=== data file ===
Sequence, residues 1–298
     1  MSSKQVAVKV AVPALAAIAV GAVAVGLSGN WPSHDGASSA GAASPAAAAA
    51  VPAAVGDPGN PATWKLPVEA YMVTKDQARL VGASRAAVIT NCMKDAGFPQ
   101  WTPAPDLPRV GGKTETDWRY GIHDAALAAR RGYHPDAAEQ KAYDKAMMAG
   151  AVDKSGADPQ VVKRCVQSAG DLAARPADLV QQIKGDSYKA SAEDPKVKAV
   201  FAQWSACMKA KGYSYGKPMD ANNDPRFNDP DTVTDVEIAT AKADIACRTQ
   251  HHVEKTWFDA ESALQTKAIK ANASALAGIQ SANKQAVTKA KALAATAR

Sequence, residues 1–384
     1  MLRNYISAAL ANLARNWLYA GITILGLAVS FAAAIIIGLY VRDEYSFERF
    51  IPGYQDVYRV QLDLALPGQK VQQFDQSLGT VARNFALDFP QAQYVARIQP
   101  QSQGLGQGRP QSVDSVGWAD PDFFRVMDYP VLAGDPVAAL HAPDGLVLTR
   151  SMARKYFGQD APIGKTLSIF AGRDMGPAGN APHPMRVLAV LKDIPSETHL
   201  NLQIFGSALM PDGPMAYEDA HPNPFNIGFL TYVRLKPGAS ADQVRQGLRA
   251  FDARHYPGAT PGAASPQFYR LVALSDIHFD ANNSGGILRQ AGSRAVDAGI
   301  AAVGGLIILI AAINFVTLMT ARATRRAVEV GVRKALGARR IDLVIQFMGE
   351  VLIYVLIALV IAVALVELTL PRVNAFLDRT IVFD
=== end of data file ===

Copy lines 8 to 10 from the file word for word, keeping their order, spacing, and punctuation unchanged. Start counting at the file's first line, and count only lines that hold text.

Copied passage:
Sequence, residues 1–384
     1  MLRNYISAAL ANLARNWLYA GITILGLAVS FAAAIIIGLY VRDEYSFERF
    51  IPGYQDVYRV QLDLALPGQK VQQFDQSLGT VARNFALDFP QAQYVARIQP